Keyless & smart locks: What you & your kids need so nobody’s locked out again

Pushbutton keypad for a home's keyless lock

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If you’re doing the single mom thing, it’s never too late to make a few changes that will streamline your life in the long run, while also keeping you out of situations that can be frustrating or dangerous — or both.

One place to start is right on your doorstep. Literally.

If you have ever been locked out of your home, or have had kids who lost their key, you’ll know what a hassle it can be. (This is especially true after your divorce if you don’t have another adult around who has a key handy.)

Fortunately, there may be a simple solution that would work for you — one that’s more affordable and easy to use than ever before: keyless and/or smart locks.

In a nutshell, these are locks that don’t need a physical metal key to be opened, but instead use various other methods to allow you access. Here’s a look.

Smarthome mockup example - Pushbutton door lock security
Photo by RawPixel/Freepik

Get a keyless pushbutton or smart lock

There are several great options available now, with everything from biometric fingerprint sensors to keypads to “smart home” mobile app connections.

Not only does it mean that there will be one less key you all need to carry, but you can also update the lock access any time you like.

Some locks will allow you to keep your regular code but give another one to someone else for temporary access, or even to let someone enter only one day every week (say, for a grocery delivery or house cleaner). Many of these also give you a record of who has accessed your home, and when.

Just think: No more hearing “I lost my key” or “I’m locked out” — and no more compromising your family’s security by putting a key under the mat/in a flowerpot, or leaving the door unlocked.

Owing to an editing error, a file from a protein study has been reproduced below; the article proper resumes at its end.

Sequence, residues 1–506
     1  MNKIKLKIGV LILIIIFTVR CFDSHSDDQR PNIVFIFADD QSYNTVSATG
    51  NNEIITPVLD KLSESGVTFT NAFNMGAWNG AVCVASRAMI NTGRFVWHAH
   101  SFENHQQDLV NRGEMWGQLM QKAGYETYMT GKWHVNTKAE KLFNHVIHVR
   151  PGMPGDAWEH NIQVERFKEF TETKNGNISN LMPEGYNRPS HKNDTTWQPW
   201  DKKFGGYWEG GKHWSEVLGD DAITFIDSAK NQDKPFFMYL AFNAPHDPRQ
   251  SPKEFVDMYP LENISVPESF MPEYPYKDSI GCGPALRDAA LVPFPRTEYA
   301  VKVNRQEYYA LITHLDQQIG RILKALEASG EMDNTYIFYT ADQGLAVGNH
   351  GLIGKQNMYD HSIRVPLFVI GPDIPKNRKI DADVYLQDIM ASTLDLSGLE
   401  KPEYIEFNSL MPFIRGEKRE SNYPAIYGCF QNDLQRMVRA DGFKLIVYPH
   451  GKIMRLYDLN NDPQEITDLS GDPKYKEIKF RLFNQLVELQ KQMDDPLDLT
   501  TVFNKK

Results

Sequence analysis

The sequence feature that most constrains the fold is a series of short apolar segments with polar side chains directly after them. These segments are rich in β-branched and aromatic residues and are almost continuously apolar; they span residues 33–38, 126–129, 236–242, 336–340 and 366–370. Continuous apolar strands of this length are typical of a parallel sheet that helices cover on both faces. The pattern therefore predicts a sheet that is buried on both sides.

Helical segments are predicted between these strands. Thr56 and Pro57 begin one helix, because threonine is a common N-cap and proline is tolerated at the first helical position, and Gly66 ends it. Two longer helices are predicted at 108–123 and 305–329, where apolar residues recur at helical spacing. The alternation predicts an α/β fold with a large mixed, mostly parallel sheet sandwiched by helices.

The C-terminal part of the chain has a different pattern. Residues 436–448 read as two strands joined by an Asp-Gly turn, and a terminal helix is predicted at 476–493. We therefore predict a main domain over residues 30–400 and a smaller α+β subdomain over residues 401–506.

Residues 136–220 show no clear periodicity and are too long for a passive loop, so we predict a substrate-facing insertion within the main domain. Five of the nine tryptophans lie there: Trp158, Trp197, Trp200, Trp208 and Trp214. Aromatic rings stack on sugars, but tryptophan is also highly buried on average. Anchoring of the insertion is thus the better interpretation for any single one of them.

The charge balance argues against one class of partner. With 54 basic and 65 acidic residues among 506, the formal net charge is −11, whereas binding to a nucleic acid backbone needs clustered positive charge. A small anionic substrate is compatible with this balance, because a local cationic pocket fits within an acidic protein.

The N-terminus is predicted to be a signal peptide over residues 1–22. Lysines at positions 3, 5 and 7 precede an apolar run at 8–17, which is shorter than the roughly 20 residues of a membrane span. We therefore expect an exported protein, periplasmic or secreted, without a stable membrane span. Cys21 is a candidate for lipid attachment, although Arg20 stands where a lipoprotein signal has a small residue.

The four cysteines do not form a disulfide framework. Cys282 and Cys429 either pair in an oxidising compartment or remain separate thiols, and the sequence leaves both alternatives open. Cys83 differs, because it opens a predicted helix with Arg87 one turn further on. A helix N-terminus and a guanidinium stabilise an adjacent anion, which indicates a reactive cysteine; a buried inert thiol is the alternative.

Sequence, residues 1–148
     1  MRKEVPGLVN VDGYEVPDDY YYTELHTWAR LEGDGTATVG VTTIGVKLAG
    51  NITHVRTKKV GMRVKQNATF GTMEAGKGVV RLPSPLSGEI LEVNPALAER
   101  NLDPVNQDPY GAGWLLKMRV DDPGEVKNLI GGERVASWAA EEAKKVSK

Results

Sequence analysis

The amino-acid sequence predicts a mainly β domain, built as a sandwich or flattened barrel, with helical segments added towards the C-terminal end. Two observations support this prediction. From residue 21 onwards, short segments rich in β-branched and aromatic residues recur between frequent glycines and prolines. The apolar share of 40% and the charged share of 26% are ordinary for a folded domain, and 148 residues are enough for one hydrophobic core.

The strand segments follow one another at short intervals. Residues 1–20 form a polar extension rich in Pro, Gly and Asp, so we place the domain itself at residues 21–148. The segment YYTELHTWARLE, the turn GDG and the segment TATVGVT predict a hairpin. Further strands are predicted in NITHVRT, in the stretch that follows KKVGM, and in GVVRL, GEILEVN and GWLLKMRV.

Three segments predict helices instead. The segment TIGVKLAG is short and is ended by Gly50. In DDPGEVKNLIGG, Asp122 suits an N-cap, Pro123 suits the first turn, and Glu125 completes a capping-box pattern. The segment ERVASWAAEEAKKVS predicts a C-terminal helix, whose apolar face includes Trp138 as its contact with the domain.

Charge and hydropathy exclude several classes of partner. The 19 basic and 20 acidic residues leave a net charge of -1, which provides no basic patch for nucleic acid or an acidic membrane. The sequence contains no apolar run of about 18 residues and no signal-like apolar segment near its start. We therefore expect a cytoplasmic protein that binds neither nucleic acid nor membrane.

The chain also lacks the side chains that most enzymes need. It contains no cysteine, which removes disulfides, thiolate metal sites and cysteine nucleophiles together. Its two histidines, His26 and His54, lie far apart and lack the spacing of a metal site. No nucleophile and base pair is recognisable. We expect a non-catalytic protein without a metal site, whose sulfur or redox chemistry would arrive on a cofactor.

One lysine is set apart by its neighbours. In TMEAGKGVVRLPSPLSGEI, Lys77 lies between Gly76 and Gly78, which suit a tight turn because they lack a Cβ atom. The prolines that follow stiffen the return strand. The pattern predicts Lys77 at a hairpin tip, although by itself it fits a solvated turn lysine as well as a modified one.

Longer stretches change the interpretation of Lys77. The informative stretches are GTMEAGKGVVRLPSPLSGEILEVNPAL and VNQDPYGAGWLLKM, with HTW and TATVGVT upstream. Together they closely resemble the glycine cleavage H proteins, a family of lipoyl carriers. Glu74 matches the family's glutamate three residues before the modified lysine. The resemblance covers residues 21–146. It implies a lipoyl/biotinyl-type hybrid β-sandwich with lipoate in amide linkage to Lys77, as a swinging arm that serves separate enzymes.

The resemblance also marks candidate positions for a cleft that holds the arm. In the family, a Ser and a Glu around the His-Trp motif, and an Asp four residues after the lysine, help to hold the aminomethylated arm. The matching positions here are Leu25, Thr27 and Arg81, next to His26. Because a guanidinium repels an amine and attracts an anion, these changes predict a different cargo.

It should make your life easier, too, if you don’t have to rummage around for your keys every time you need to lock or unlock your house.

ALSO SEE: Why you need a password manager, now more than ever

Woman using a phone a app to open a smart lock
Picture by serezniy/Deposit Photos

How smart locks work

Keyless smart locks use several different methods to allow access, all depending on the model you buy. (Most locks automatically come with a traditional metal key as a secondary method — pretty much a requirement in the case of a wireless lock, in case your power is out or your connection is down.)

Buttons & fobs: There are many deadbolts that have keypads, while some let you use a fob or keycard to enter.

Wireless door locks: Some locks use various types of wireless technology — including wi-fi, Bluetooth, and Z-wave — to connect to a mobile app. Many of these can interface with a home assistant/smart speaker, like Amazon Alexa or Google Nest

Biometric locks: Using your body as the “key,” a biometric smart lock can scan your fingerprint to decide if you should be allowed inside. (Biometric locks can also verify your identity by scanning your iris or retina , but you’re not going to find those on typical home locksets any time soon.)

Some deadlocks combine a couple of different methods, so, for example, you could use an app, but your smartphone-free kids could rely on the keypad.

With all of the different lock types available, you should be able to find the one that works well for you and your family. Here are a few that might help you decide!

How long should the lock’s batteries last?

In most cases, you should get a couple of months out of one of these keyless/smart locks — some may last longer than a year.

How long the battery power will last depends on a variety of factors, including how often you use the thing, whether or not it’s a smart (wi-fi connected) device, and also if it actually moves the lock for you. (If the lock you choose is actually moving the bolt in or out of the frame, that little motor uses more power than if it simply releases the lock for you to turn manually.)

Some smart locks come with a rechargeable battery built-in, while others use actual batteries (often AA or AAA), meaning you need to buy your own rechargeables or go with old-school disposable batteries.

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